Jump to content

John Bull

Members
  • Content Count

    12,694
  • Joined

  • Last visited

About John Bull

  • Rank
    10,000+ Club

About Me

  • Location
    Lee-on-the-Solent, England
  • Interests
    vintage & classic vehicles
  • Favorite Cruise Line(s)
    Voyages of Discovery
  • Favorite Cruise Destination Or Port of Call
    Caribbean

Recent Profile Visitors

112 profile views
  1. Sadly I have to agree. Same applies elsewhere in the world. Mebbe they're learning from Ryanair, the undisputed kings of such subterfuge But some cruise lines do toe the line here and there eg London (Southampton) or Southampton (for London), and I'd have no argument with that. JB
  2. John Bull

    Southampton Cruise Terminal

    Oceania usually berth at City Cruise Terminal (aka Berth 101) And that's only a couple of hundred yards from Dock Gate 8 on Herbert Walker Avenue. But unfortunately it might not be as simple as that. Auto Europe aren't a rental operator, they're a consolidator - they deal with most of the rental operators, so we need to know which rental operator you've chosen. There's just one rental operator at Gate 8 (behind the Holiday Inn & between the official but un-gated port entrance and the port security fence). Years back, the operator at Dock Gate 8 was Avis. Then Alamo? Dollar? But I'm out-of-date, and google streetview (July 2017) doesn't help because it shows reconstruction work going on there. There are several other rental operators within half-a-mile or so, and confusingly some quote their location as "Dock Gate 8" . For instance, Hertz & National & Europcar are on a blind spur of West Quay Road - only a 10-15 min walk but no fun with luggage, kids, inclement weather etc. so you'd need your driver to walk there & bring the car back or make that short journey by taxi. If you can quote the name of the rental operator I can try to dig deeper. In the meantime, if this link works, here are a streetview https://goo.gl/maps/MR5Kfe95wep Security gate (open on cruise days), with city cruise terminal behind. The rental operator's depot (construction work) on the right. Spin the camera 180deg to see the official port gate and the back of the Holiday Inn And map .https://goo.gl/maps/j3ZHC7nHouM2 And a streetview from the blind spur of West Quay Road (Hertz, National & Europcar) https://goo.gl/maps/PsBYE7qJ8s42 Note how close the RCI ship in the background at City Cruise Terminal. But separated by a 12 ft fence. JB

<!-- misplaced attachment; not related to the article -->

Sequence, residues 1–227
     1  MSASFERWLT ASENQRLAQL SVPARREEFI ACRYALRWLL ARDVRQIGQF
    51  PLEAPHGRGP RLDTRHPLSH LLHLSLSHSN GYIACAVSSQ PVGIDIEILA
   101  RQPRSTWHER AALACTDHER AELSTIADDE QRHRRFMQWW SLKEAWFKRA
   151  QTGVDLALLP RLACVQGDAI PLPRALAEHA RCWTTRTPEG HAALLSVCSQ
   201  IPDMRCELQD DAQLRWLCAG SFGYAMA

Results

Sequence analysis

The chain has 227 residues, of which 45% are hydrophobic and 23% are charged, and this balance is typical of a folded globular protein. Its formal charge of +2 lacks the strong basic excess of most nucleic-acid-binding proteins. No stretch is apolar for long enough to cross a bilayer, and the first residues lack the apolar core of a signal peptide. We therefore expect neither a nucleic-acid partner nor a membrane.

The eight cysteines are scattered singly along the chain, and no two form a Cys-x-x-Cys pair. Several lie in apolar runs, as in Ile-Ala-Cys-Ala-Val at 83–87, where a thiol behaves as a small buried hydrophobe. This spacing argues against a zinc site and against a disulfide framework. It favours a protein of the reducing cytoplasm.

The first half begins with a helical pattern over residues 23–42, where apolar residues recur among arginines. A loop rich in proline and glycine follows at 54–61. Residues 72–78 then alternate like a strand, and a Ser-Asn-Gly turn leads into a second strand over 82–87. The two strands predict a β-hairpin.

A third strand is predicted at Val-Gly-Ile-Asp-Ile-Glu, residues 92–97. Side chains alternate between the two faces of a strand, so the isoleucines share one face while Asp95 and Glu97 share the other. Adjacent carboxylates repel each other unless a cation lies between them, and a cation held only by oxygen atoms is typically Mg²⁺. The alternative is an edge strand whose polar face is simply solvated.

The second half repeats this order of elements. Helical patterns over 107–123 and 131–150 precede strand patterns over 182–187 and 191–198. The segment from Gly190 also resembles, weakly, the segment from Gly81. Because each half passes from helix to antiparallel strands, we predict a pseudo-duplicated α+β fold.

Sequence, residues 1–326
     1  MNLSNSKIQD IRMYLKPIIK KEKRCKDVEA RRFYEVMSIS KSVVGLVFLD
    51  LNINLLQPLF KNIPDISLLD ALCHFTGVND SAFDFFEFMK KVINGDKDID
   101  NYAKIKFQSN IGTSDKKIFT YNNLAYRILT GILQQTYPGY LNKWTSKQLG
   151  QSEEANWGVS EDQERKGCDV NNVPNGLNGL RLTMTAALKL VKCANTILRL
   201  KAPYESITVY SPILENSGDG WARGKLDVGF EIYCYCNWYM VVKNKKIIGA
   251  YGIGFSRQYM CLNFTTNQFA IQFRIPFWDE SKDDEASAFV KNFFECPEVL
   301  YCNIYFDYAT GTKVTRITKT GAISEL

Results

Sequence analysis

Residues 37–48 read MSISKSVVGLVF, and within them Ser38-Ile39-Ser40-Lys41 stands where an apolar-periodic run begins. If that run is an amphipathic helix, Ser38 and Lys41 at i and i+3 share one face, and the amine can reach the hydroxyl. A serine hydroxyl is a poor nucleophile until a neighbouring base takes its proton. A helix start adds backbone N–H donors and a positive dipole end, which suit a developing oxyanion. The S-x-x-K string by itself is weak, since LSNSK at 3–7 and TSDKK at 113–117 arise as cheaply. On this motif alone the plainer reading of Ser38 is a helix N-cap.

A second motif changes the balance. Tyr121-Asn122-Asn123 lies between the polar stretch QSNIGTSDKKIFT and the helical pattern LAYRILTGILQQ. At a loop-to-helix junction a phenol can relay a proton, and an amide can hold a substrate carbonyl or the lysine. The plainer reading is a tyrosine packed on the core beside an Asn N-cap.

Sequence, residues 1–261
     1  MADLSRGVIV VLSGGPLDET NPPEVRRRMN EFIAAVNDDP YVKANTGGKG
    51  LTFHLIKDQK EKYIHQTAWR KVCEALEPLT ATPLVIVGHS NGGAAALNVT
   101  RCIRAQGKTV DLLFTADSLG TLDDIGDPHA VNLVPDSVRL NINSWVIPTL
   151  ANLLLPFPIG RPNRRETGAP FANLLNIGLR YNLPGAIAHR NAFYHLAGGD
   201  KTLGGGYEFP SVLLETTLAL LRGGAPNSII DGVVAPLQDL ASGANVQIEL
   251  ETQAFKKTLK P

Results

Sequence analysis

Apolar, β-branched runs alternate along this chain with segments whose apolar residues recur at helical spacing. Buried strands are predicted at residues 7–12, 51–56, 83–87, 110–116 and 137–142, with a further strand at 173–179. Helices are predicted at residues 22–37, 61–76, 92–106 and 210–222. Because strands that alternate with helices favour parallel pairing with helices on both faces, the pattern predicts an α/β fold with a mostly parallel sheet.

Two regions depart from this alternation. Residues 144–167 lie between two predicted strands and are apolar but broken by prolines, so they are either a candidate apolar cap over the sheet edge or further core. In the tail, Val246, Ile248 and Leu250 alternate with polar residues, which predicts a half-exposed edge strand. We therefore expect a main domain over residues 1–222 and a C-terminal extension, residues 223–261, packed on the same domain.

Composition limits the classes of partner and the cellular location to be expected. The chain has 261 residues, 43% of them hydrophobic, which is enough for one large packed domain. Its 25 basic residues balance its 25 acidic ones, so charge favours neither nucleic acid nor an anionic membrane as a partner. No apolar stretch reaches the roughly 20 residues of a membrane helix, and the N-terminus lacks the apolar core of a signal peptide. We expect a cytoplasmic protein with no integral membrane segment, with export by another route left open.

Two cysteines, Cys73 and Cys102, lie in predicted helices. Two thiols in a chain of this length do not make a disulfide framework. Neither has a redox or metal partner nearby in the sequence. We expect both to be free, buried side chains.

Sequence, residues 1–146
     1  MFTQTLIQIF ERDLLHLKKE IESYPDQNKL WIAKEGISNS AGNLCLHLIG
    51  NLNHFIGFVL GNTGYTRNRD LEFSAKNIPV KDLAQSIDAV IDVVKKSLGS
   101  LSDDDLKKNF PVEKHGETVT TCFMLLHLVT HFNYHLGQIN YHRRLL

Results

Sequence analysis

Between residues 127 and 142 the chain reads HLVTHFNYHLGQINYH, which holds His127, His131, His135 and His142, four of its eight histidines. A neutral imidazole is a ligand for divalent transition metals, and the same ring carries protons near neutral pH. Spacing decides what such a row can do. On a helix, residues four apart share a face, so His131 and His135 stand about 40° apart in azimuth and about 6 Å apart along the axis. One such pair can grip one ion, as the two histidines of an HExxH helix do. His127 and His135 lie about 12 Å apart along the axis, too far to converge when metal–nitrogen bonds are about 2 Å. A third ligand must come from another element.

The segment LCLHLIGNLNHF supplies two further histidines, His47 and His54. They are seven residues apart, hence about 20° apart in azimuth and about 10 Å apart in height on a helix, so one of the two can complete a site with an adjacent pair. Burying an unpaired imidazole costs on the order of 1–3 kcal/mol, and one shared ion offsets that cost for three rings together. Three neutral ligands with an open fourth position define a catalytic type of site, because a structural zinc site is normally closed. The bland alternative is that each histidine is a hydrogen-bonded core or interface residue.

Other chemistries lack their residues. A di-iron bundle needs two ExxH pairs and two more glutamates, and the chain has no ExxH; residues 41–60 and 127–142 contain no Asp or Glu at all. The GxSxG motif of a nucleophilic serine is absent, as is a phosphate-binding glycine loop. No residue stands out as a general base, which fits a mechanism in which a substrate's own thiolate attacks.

3. John Bull

    Advantages of travel agents?

    My thoughts based purely on the fact that this question is in the "First-Time Cruiser" forum............... A good cruise-specialist T/A can be a very good and knowledgeable friend for a newbie, can give you the pros & cons of different cruise lines for your particular party and circumstances, the pros & cons of different cabin grades and locations, of the different dining options, and of a dozen other aspects. Can explain what your on-board costs are likely to include & how they're paid for, can explain the processes and time-scales for boarding and disembarkation and tendering and a dozen other things that experienced cruisers don't even think about because they've long-since forgotten that these are things than newbies don't even know to ask about. Kinda like taking your first driving lesson from a professional instructor rather than from a friend. Financial pros & cons & freebies work differently in the UK, so I can't comment on those things. But I do know that T/As in the USA seem to go to the wall quite frequently, and I'm not aware of any trade organisations equivalent to the Assoc of Britsh Travel Agents that safeguard the money that you hand over - so pay only by credit card. JB
  4. John Bull

    How Are Ports of Call Managed?